Our first full day there, we signed up to do a safari tour at Safari West.  I was kind of excited about it because I had never been to a place like that.  Three other people from our CAA group signed up for the same tour so we spent the day with them.  We really enjoyed going there.  They have 900 animals from 69 species.  Lots of birds and animals.  The majority of the animals and birds were from Africa but there were some from India and other continents as well.

The tour is a combination of an hour walking around the grounds where they have animals and birds in more contained settings.  Then a two hour tour on their 400 acre wildlife preserve.  Bill and I got to sit on the top of the truck for about half the tour which was fun.  There were a lot of different kinds of antelope.  I think that is what they probably had the most of.  I took about 100 photos and I didn't scrapbook nearly all of the animals I took photos of but figured devoting four pages to the safari was probably a sufficient documentation of our day there.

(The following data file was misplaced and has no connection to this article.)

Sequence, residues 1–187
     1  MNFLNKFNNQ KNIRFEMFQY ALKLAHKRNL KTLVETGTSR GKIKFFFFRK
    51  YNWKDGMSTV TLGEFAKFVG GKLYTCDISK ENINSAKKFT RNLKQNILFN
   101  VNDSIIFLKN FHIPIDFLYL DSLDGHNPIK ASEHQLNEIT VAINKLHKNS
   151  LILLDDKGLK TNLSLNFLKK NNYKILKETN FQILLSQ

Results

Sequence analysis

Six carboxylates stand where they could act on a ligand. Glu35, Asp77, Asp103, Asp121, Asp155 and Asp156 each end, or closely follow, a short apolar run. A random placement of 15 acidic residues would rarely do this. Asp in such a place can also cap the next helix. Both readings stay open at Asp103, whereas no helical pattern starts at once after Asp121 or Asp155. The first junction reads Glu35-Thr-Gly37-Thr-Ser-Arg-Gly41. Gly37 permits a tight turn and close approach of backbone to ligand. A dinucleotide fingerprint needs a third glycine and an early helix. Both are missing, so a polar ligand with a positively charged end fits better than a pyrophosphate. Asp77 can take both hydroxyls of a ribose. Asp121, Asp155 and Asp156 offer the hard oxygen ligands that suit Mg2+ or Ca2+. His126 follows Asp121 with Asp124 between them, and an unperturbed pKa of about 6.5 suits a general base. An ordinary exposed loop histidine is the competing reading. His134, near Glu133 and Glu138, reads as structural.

My favorite part of the tour was seeing the giraffes.  This baby giraffe really stole my heart.  He was two and a half months old and so cute.  He kept trying to communicate with some birds which was really interesting.

My second favorite group of animals to see were the zebras.  We stayed to watch them for quite awhile.